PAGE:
The Data Protection Conflict: The EU General Data Protection Regulation 2016 and India’s Personal Data Protection Bill 2019

By Anubhav Das (National University of Advanced Legal Studies, Kochi) and Aditi Jaiswal (Ram Manohar Lohia National Law University, Lucknow)

The internet brought significant changes in society, leading to a massive collection of data which necessitated legislation to regulate such data collection. The European Union enacted the General Data Protection Regulation, 2016(Hereafter GDPR), replacing the Data Protection Directive, 1995. Meanwhile, India, which currently lacks a separate data protection legislation, is in the process of enacting the Personal Data Protection Bill, 2019 (Hereafter PDP). The PDP has been introduced in the Indian parliament and is currently under the scrutiny of a parliamentary committee. The primary purpose of these legislations is the protection of informational privacy.

Even though GDPR and PDP follow the same set of data protection principles, but, there exists an inevitable conflict between the two. This conflict determines the applicability of the legislation on the data subject. The territorial scope of GDPR and the PDP makes it clear that both overlap each other and this overlap can be used by companies involved in data processing or collection, to circumvent the civil liability arising under the laws. This post analyses the conflict between both the laws and in conclusion, it will suggest a way to overcome such an issue.

Territorial Scope: GDPR and PDP   

Article 3 of the GDPR provides for the territorial applicability of the law. The Regulation applies to the processing of personal data by a controller or a processer. According to Article 3(1), any controller or processer that is established in the member state (European Union) shall fall under the scope of the GDPR. In other words, any company which has an office in the European Union shall come within the purview of the GDPR. Article 3(2) states that even if any processer or controller is not established in the European Union, but if they are offering goods or services irrespective of payment or monitoring behaviour in the European Union, then they will also fall under the scope of GDPR.

On the other hand, the PDP provides for the territorial applicability under Section 2. It applies to the processing of personal data by data fiduciary (similar to the controller under GDPR) and data processer (similar to processer under GDPR). Section 2(A) (a) states that if personal data is collected, disclosed, shared or otherwise processed within the territory of India, then it shall fall under the PDP. Section 2(A) (b), makes it applicable to the State, any Indian company, any citizen of India or any person or body of persons incorporated or created under Indian law. Section 2 (A) (c) makes it applicable to data fiduciary or data processor which are not in India but are processing in connection with any business carried on in India, or any systematic activity of offering goods or services to data principals within the territory of India or any activity concerning the profiling of data principle.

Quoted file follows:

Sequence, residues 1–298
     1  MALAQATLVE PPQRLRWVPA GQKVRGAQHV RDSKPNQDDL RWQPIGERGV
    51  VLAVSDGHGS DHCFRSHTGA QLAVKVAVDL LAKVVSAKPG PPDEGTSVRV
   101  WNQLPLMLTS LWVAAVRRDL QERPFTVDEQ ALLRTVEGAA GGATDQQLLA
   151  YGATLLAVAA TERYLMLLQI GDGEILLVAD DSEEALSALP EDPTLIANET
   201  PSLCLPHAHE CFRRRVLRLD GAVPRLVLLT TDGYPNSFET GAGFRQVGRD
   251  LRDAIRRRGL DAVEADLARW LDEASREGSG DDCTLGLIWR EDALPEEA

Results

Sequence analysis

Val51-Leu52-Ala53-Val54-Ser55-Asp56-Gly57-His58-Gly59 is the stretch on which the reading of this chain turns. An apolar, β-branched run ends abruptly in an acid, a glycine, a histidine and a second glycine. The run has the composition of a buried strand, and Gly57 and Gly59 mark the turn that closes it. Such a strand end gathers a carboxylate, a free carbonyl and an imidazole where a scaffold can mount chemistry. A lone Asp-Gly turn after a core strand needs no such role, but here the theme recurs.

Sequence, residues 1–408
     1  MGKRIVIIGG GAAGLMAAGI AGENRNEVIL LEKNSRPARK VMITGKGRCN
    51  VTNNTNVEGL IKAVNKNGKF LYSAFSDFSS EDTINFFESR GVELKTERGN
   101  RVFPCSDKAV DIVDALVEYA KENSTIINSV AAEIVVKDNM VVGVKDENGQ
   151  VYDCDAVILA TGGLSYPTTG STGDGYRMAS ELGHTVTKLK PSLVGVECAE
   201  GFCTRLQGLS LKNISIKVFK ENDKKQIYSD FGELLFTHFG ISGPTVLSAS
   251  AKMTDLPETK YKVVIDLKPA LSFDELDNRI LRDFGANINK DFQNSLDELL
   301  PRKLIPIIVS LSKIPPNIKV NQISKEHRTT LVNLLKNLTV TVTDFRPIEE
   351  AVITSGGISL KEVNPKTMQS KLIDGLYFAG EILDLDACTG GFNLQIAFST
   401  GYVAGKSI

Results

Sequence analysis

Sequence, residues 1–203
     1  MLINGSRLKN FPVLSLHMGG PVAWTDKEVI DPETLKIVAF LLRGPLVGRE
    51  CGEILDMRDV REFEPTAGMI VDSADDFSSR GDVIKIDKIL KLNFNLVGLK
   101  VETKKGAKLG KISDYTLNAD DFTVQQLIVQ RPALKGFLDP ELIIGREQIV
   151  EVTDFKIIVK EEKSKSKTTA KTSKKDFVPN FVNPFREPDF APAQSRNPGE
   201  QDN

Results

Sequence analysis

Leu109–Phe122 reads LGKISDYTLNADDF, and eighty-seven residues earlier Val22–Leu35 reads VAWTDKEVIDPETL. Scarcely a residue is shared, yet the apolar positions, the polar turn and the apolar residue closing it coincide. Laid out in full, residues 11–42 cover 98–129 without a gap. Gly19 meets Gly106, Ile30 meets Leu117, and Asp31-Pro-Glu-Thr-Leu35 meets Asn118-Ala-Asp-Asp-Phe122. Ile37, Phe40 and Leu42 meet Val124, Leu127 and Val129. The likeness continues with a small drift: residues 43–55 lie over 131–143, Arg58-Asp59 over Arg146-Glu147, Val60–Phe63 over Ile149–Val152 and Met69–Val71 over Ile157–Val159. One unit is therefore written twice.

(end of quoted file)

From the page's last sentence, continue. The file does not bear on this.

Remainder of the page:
The Overlap of Jurisdiction

The internet has provided a way for companies to operate anywhere without the existence of an entity in a particular country. This also includes those companies which deal with data. In the context of Europe and India, a company doesn’t need to have an entity in Europe or India to operate and do business. Thus, an Indian company can easily do business related to data in Europe without any real existence in Europe and vice versa. Consequently, the problem that arises concerning data protection laws is complicated. An Indian company will fall under the purview of the PDP as per Section 2(A) (b) but at the same time if this Indian company also deals with ‘personal data for offering goods or services in the European Union, then it will also be regulated by the provisions of the GDPR.

Similarly, a European company ‘collecting data in India’ will fall under the scope of both PDP and GDPR. It is a matter of fact that judicial courts do not have jurisdiction over foreign land. Hence, no monetary damages can be imposed on companies which operate from Europe by using PDP or companies operating from India by using GDPR.

A European company or an Indian company can also claim that there is proper compliance with GDPR or PDP, respectively. In the context of Europe and India, a company only needs to follow the data protection law of the land from where it operates even though such an act violates data protection law of the other jurisdiction. This is possible as GDPR and PDP differ from each other on every key and essential aspect such as the very meaning of personal data.

The Difference and its Implications

The primary purpose of GDPR and PDP is the protection of personal data. But, the definition of personal data differs when GDPR is compared with PDP. The reason why such a description is essential is that a substantial part of both laws is based on the processing of personal data. This includes fair consent, purpose limitation, storage limitation, rights of data principle etc. Such aspects, when read with the territorial scope of both the laws, outlines the applicability of its provisions. The table below shows the difference in the definition of personal data.



Personal data means any information relating to an identified or identifiable natural person (‘data subject’).